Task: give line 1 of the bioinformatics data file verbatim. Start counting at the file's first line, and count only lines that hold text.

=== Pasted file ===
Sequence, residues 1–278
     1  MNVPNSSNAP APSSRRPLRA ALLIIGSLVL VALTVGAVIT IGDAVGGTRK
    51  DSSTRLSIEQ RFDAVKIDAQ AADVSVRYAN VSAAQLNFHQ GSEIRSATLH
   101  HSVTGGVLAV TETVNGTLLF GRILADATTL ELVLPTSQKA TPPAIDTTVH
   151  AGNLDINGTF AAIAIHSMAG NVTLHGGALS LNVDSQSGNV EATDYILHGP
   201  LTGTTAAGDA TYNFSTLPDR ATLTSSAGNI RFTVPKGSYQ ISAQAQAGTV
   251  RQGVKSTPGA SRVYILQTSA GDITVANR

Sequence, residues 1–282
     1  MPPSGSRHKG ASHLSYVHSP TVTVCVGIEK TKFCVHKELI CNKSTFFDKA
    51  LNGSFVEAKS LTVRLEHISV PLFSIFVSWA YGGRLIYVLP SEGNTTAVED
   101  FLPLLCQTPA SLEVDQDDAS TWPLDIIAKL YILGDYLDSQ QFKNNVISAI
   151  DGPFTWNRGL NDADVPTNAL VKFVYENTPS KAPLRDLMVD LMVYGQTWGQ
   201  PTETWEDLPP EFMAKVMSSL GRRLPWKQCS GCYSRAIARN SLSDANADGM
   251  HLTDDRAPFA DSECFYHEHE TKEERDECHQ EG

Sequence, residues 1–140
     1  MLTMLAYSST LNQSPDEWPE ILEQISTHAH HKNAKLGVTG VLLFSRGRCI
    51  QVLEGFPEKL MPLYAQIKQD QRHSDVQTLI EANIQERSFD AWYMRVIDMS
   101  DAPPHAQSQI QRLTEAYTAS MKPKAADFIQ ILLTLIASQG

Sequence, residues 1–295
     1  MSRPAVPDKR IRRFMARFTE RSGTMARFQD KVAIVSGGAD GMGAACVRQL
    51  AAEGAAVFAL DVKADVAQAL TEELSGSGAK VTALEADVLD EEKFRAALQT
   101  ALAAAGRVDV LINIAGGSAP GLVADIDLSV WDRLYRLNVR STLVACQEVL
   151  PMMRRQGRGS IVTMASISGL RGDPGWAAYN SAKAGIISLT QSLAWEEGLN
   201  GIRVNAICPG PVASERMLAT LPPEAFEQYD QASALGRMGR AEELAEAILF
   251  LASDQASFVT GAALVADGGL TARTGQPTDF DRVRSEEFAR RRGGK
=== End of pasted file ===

Sequence, residues 1–278